A Lesson in Korean Culinary History

This Christmas, after the mandatory half hour of semi-silent shoveling of food into mouths, we began to discuss the origins of Korean food.
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My family views the dinner table as akin to a cross between a Roman Forum on crack and a racetrack. The racetrack comes from the fact that my Korean family eats as quickly as possible to get it out of the way. The faster you eat, the more you can talk. That's where the Roman Forum comes in. Every kind of conversation crosses our dinner table, from politics to religion to education to who is going to win Bridalplasty.

This Christmas, after the mandatory half hour of semi-silent shoveling of food into mouths, we began to discuss the origins of Korean food.

Being the avid cooker and eater I am, I was extremely curious about the origin of one of the most common ingredients in Korean cooking: dwenjang.


Dwenjang is a fermented soybean paste that is used in dwenjang soup. Ok, that's not helpful. It is also often used in soft tofu (soondubu) stew, kim chi stew, served aside your Korean barbeque, and generally all over the Korean menu. In analogy form (I will make this as American as possible): DWENJANG : KOREAN CUISINE :: BUTTER : ANYTHING PAULA DEEN MAKES.

Since I can remember, dwenjang in my house has been found in a glass jar in the very back of the fridge. It's sort of the color of baby poo. (Read: Do not click that link if you intend to eat anytime soon). You can see bits of the fermented soybeans, making it look even more like baby poo, except an older baby, because the baby's eating soybeans, duh.

Imagine my surprise when my father bust out with, "I remember helping my grandmother make dwenjang when I was growing up."

My mind immediately flooded with questions. How? Didn't it smell? Is it easy to do? I thought Korean men didn't cook? ...At least that's what my Korean ex-boyfriend told me.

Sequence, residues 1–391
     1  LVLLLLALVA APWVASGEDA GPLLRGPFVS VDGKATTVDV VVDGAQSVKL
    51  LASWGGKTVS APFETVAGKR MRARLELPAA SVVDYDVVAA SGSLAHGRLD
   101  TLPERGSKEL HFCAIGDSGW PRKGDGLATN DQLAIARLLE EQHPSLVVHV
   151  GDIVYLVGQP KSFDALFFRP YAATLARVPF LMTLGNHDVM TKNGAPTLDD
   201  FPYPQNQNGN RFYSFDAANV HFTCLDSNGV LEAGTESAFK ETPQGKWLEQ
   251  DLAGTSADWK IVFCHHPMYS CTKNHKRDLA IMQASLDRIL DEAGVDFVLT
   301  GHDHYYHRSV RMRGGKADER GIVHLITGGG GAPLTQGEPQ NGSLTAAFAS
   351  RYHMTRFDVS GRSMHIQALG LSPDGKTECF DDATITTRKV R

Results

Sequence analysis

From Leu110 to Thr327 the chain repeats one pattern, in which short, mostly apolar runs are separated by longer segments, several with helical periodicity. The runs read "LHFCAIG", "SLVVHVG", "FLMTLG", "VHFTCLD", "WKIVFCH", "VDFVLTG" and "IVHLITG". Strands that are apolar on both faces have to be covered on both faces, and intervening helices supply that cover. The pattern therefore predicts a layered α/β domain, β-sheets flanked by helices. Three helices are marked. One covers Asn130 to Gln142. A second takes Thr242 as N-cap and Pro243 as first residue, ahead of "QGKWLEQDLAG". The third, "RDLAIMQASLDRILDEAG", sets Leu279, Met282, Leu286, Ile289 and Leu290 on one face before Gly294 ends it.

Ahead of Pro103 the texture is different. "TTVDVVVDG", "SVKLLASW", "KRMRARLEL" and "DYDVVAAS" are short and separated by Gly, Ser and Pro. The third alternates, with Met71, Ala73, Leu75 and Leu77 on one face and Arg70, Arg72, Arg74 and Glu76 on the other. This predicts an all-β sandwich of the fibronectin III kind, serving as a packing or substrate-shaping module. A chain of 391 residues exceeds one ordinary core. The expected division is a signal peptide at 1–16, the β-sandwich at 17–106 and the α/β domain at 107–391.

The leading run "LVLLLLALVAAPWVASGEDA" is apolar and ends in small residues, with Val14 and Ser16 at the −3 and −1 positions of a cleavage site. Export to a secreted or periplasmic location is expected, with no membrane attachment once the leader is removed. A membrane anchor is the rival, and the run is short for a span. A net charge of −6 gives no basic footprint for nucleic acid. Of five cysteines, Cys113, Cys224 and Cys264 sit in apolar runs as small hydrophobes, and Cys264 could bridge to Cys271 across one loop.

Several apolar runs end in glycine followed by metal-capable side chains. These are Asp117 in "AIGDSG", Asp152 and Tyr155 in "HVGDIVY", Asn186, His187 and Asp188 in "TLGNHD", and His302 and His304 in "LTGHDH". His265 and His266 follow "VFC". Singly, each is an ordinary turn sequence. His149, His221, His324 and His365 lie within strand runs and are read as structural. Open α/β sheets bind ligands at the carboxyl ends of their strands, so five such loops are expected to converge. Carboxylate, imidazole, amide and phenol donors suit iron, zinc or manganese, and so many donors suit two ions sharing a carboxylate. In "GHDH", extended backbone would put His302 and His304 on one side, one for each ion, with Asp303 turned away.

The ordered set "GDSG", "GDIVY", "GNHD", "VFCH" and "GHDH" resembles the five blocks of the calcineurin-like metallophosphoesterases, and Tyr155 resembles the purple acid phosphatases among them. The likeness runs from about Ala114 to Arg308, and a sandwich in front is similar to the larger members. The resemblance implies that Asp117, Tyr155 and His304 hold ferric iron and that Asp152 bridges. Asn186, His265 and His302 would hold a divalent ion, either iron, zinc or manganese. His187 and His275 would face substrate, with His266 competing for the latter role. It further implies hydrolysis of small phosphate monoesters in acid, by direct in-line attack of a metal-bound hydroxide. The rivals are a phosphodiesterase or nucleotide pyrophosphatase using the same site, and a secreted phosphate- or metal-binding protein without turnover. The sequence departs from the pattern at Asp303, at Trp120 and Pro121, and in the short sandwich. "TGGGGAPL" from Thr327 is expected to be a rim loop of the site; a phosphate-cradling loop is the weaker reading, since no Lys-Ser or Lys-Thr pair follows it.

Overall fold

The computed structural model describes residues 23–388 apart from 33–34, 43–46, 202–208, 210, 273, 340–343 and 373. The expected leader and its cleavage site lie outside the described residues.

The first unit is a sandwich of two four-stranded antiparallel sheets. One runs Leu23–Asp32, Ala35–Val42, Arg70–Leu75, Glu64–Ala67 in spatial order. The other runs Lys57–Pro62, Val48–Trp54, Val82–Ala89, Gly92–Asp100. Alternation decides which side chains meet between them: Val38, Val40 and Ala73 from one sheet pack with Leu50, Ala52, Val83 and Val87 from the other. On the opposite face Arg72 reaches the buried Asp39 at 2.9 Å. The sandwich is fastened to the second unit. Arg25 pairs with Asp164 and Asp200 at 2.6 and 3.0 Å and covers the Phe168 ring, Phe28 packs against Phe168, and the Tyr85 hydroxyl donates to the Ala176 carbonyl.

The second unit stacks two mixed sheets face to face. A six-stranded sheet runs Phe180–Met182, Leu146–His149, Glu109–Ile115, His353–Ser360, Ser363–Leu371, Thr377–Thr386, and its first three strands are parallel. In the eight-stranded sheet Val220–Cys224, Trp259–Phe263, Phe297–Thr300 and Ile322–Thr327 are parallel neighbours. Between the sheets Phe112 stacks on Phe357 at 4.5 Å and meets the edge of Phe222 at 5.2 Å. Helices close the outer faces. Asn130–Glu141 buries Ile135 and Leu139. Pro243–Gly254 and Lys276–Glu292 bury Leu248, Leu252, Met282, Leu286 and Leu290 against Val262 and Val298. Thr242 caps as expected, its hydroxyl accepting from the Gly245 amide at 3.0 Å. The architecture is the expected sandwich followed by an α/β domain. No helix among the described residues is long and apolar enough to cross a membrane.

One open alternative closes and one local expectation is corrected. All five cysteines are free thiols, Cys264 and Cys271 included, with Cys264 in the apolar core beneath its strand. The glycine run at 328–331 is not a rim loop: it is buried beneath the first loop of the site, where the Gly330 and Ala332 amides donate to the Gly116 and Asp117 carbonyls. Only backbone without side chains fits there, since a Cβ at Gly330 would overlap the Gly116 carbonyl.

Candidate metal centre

"It smelled very bad," my dad said amused at my excitement. "We hung the blocks to make dwenjang from the ceilings and let them dry and cover in fungus and ferment. The smell was so terrible. But we lived with it and got used to it."

I imagine it smelled like baby poo.

So, my father explained that his grandmother would buy pounds and pounds of dried soy beans, and coarsely grind them. Then they would boil them and then take that substance and form it into large blocks. He would weave ropes from dried rice plants, tie up the blocks and hang them from their ceiling. Then, months later, once the block was pretty much black and covered in some fungus, which my father describes as also black, they put the blocks into large pottery jars with water and salt. The substance would continue to ferment, and eventually the liquids and solids separate.

And here is the whammy, well at least for me, I was shocked. The liquids are soy sauce! What a process! Thank God for Kikkoman.

Anyway, the solid is dwenjang.

After learning this, I had a couple takeaways.
1. Koreans are... adventurous. Who thinks to eat blocks of beans covered in black fungus after submerging it in water?
2. Koreans are really patient. I can barely wait 2 minutes for the microwave to reheat my chicken teriyaki. 6 months for a block of dwenjang? Sheesh.
3. If my family is ever stranded somewhere without food, I have no reason to worry. I don't know if my dad is a great hunter, but he's already been proven to be an effective gatherer/fermenter.
4. I should stop calling dwenjang "babypoo" at some point.

I hope this has been as enlightening for you as it was for me.

If not, there's always pauladeen.com/recipes.

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